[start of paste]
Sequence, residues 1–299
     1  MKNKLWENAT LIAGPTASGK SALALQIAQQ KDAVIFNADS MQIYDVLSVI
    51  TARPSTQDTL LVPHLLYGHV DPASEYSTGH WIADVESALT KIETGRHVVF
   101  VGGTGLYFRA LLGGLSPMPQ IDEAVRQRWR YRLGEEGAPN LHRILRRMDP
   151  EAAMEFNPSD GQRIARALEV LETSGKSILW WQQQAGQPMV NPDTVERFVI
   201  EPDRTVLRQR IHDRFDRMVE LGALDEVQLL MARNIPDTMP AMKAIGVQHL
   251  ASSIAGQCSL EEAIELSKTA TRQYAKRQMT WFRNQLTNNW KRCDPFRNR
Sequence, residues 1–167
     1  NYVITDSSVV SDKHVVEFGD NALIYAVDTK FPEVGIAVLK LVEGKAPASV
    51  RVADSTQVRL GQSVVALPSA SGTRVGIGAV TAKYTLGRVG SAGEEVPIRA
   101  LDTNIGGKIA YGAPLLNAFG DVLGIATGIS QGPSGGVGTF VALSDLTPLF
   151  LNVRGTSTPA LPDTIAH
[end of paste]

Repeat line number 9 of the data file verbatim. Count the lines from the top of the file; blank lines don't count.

     1  NYVITDSSVV SDKHVVEFGD NALIYAVDTK FPEVGIAVLK LVEGKAPASV